Without a heart rate belt, you still get one of my personal favorite stats: training effect. Using your heart rate (and VO.)2 max, if recorded during a run or cycle), the 945 LTE can tell you how your aerobic (longer, endurance-related) fitness is influencing your anaerobic (fast vigorous bursts) fitness, as well as where your current workout is taking you in the optimal (or sub-optimal) zones for balancing the impact on your high aerobic, low aerobic and anaerobic fitness. All of this data provides information about your seven-day training load, so you can avoid injury from overtraining or delayed progress from undertraining.

Training status is a longer-term metric that considers training load, heat acclimation, and VO2 max, and it assesses whether you are improving, maintaining, or recovering in your training. The feature requires runs or cycles to be logged.

Unlike training status, training effect information is available from all built-in workouts you track, not just running. So whatever your training goals, this data and your VO2 max are important aspects of your fitness that give a great insight into your efforts, where they are going and how you can ensure that you are progressing safely and efficiently.

Improved security over LTE and new activity sharing features

Safety features are the biggest addition of the 945 LTE. Assistance Plus is an improvement over Garmin’s previous assistance features; with the 945 LTE you don’t need a phone to call emergency services and contacts.

Connected to Garmin’s 24/7 International Emergency Response Coordination Center (IERCC), the 945 LTE, like the 945 and others before it, can detect “sudden drastic slowdowns or jerks” during running, cycling, hiking or other built-in outdoor activities. It can alert emergency services and contacts with your GPS location, all without the need for a paired phone.

Two-way text messages via pre-made messages in the Garmin Connect app or typed out via the watch’s side buttons can also be sent from the 945 LTE to Garmin IERCC until your emergency is resolved. Unfortunately, you can’t do the same with your emergency contacts: they only receive the first warning and information.

But with Garmin’s improved LiveTrack feature, dialed contacts can receive SMS updates during your runs (new for iPhones). You can also have these contacts receive a link to follow along and send you audio or text messages during your workout. The shared link opens a browser page where they can see your route and some stats and send messages. As a black man who often runs in predominantly white areas, I appreciate emergency and contact tracking as much as I can get on my runs.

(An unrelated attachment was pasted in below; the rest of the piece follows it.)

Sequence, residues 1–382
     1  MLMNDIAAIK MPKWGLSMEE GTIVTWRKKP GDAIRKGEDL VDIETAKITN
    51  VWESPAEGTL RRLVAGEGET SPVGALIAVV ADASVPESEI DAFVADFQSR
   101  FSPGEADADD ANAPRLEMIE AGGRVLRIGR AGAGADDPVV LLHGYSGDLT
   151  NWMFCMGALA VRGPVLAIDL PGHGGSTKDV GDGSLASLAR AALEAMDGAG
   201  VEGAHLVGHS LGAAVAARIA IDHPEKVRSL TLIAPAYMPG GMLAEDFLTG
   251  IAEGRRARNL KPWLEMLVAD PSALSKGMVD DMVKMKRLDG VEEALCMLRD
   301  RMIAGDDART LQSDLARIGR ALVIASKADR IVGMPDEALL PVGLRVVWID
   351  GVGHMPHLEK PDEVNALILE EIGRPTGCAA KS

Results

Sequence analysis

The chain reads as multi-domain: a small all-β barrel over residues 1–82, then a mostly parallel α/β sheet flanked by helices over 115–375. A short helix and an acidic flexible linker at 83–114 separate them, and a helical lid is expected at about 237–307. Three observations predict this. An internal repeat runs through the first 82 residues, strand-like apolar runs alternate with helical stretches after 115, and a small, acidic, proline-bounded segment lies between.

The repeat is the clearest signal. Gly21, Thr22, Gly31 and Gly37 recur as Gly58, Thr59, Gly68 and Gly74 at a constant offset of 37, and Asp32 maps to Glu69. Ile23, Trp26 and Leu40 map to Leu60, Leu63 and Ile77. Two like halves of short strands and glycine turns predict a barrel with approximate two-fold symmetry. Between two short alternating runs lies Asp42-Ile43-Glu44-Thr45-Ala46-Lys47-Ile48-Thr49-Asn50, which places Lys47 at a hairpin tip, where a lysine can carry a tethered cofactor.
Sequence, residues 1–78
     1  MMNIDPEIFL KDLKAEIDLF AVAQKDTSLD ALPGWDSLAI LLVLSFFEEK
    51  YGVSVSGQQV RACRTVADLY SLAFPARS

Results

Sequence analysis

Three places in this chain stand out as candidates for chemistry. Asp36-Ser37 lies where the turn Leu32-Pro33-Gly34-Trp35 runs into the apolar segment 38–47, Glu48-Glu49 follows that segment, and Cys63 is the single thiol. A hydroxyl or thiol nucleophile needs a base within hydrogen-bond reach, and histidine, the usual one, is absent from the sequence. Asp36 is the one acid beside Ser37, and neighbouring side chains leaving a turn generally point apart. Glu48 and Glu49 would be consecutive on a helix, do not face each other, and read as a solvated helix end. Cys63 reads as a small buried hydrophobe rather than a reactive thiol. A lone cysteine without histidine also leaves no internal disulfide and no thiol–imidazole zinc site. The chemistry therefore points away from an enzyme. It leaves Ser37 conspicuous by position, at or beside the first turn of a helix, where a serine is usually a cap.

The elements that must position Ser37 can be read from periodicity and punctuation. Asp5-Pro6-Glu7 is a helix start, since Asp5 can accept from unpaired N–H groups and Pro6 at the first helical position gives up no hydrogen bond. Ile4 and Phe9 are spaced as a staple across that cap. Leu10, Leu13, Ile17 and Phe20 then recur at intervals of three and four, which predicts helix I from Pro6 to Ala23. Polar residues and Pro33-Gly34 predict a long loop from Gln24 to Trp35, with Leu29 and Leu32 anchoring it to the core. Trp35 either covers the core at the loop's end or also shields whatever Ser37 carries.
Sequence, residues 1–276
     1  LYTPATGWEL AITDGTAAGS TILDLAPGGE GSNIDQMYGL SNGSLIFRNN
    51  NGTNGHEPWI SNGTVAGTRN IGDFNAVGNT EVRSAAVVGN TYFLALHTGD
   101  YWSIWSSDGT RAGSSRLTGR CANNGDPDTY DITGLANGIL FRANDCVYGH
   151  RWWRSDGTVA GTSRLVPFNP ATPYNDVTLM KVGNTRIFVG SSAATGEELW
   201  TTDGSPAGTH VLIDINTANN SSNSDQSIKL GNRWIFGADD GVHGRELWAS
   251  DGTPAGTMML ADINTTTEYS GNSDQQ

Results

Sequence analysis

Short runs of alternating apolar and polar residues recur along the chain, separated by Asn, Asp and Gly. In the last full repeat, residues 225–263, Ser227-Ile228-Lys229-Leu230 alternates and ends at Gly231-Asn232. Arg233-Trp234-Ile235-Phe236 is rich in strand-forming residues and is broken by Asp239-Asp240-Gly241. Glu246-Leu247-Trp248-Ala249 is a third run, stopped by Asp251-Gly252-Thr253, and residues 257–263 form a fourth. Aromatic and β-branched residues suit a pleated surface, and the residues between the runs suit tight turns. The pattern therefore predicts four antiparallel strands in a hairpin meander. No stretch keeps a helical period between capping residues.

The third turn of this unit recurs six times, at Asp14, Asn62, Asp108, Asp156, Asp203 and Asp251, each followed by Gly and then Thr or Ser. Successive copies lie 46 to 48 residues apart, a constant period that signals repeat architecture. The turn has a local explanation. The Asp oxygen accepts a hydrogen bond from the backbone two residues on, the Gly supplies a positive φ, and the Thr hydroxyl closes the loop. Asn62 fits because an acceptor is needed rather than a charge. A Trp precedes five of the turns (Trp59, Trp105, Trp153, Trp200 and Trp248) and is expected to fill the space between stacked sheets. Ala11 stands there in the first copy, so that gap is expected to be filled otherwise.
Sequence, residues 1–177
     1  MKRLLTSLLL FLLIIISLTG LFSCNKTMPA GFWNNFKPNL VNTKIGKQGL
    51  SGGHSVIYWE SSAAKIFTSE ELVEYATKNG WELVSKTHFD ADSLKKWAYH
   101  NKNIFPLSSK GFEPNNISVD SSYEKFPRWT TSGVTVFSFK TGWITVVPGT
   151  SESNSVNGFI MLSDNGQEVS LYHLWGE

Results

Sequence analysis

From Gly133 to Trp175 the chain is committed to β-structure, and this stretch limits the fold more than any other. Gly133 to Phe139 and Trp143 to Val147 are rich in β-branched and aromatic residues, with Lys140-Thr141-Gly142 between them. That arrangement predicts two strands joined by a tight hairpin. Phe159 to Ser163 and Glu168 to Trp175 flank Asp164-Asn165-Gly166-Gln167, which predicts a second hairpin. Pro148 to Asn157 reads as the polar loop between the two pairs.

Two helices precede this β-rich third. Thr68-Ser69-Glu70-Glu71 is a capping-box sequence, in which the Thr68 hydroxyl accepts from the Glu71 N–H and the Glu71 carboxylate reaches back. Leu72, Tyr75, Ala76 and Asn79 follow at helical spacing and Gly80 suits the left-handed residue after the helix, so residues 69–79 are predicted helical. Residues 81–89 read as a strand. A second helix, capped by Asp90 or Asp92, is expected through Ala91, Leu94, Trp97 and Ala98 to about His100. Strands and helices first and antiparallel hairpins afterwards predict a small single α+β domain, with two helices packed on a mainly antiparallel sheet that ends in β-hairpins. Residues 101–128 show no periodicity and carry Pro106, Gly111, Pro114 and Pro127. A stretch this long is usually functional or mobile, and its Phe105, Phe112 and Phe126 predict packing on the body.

Receiving encouraging messages during a run or race is cute, and I easily paired my AirPods Pro with the 945 LTE and heard recordings sent to me loud and clear, but I prefer to use the 945 LTE’s built-in music storage to get in the zone. to stay. Unfortunately, LTE does not support streaming music without a phone.

The battery life in my first week of use was about that: a week. However, this was the first power cycle and the first installation can often have a unique impact on the first battery drain. Software updates may also bring improvements, so we’ll see how things develop over time.

The new Forerunner 55

Forerunner 55 offers GPS and heart rate monitoring, as well as Garmin-specific features like real-time pace strategies and running workouts for more casual users.

The watch has a battery life of two weeks – that’s double the battery life of the previous Forerunner 45, another smartwatch that was on our best-of list. The 55 also adds interval training, menstrual tracking, respiratory rate, recovery time and suggested workouts, among a few other features missing from the 45. But like its predecessor, the new watch offers no internal music storage, compatibility with Garmin’s HRM bands, deep analysis running dynamics or training effect/status updates.

Tracking a variety of activities from strength, cardio and yoga to Pilates, elliptical machines and stair climbing, the Forerunner 55 is a piece of equipment suitable for casual exercisers of all levels, not just runners. Safety and sharing features for Garmin Assistance and LiveTrack are still available, but require a nearby phone and do not include spectator messages, as found on the 945 LTE.

The $649.99 Forerunner 945 LTE and the $199 Forerunner 55 are now available online and in stores.

List image by Corey Gaskin